We live in an age where tech savvy is considered wisdom. Where anyone can have multiple answers to any question – carefully curated for their preferences – within seconds. A world where logical fallacies abound and are largely unchallenged as people accept “truth” not by evidence, but by popular opinion. Is it any wonder that many older children and teens consider the Bible to be outdated and out of touch with the world today?
Bible lessons are usually designed to help learners know what God wants them to do. The expectation is that the relevance of that information is clear to the student. It may have been when popular culture pretended to follow Judeo-Christian ethics and promoted them as the norm (I personally believe the amount of sin in the world is somewhat stable, but whether or not it is considered socially acceptable for people to sin is what varies.) Today, young Bible students are more likely to hear sinful behaviors and attitudes touted as “loving”, “intelligent” and “good for everyone” than biblical ones.
We can no longer assume the relevance of Bible stories and scripture are obvious. Nor can we refuse to discuss the relevance of God’s Words because young people “should just obey God because He is God”. While that is true in many ways, it is not helping young people where they are spiritually and emotionally – immature babies needing milk from the Bible.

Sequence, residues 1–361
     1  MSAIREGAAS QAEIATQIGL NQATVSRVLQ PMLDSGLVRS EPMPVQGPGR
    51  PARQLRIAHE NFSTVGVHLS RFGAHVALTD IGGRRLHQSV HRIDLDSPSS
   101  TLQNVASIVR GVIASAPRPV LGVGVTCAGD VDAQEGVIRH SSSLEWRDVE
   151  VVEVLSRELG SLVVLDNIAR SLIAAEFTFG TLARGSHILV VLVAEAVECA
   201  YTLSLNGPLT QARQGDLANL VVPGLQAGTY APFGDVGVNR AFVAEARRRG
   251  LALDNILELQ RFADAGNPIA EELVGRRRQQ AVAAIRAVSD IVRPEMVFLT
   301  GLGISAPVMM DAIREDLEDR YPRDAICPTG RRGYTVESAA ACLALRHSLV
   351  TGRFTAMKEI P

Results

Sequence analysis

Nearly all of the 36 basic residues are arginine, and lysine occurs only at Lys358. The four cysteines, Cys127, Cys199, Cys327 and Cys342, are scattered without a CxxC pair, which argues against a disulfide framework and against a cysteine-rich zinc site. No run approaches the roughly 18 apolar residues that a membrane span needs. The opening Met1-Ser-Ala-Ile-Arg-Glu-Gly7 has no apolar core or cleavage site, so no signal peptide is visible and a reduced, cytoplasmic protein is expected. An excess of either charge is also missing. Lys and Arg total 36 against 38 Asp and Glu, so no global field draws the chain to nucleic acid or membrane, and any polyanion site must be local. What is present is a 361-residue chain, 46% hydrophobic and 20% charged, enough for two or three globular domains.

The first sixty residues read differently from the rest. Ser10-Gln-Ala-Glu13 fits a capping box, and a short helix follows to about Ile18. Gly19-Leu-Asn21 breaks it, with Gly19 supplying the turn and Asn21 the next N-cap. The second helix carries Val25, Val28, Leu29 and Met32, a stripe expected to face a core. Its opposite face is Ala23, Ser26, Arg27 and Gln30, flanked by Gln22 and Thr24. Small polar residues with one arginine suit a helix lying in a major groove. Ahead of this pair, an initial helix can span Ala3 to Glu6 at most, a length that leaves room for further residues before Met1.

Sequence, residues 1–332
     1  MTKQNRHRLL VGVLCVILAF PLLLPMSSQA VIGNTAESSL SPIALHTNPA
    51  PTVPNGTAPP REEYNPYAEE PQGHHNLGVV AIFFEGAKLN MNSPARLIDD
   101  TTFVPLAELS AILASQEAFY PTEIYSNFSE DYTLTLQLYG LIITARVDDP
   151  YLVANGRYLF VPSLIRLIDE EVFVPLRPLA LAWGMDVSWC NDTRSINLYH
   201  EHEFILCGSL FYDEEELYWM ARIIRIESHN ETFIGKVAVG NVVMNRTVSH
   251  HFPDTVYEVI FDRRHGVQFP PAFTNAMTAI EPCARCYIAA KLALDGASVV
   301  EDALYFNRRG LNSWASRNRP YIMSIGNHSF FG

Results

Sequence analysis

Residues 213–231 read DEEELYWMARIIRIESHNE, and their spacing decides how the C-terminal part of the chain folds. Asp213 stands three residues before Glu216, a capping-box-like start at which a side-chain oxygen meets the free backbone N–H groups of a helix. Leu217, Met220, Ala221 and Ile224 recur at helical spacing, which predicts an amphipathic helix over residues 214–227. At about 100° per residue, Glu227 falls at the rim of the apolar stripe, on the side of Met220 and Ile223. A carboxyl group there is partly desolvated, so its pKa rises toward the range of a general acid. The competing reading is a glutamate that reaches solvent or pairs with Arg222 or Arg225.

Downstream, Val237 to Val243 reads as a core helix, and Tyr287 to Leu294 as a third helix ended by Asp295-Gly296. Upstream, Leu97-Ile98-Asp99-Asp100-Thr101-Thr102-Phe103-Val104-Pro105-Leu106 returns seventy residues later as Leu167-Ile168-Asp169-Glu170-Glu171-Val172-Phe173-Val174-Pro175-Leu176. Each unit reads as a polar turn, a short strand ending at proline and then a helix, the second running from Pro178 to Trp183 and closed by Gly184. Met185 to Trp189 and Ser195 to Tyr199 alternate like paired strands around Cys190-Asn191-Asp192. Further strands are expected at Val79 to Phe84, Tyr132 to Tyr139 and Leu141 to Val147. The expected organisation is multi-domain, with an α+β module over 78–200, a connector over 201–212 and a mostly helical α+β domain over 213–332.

Spoon feeding relevance to them may help a bit, but I have met too many teens claiming to know all of the stories in the Bible, but not understanding what to do with all of that information. Ignoring the fact that they probably have only been exposed to about 20% of scripture, the statement reveals another important fact. All of those application lessons we thought we were making so clear have by and large missed their mark. They may not have any idea what is truly important about a passage of scripture they read.
So why not task them with thinking deeper and finding what about a scripture would be relevant to their lives now and in the future? Let’s ask questions that make them examine their lives in light of what is being taught in Bible class – and how their lives would be impacted if they obeyed God’s commands and principles. Then once they understand the relevance, challenging them to not only live it, but share it with others so they too can obey God.
Be careful though. This examination cannot be unguided – at least at first. Mature Christians need to be a part of the discussion pointing out important knowledge and understanding they may be missing. The way many people use the Socratic method in teaching is not appropriate for finding relevance in scripture. It’s too easy for young people who are left unguided to ignore or filter what they are reading through the eyes of popular culture – and that never ends well.
Let’s spend more time not only helping students understand the relevance of scripture, but teaching them how to eventually find it accurately without your guidance. If they understand the relevance of a passage, they are more likely to want to obey it. It’s a Christian life skill they need to learn and practice regularly.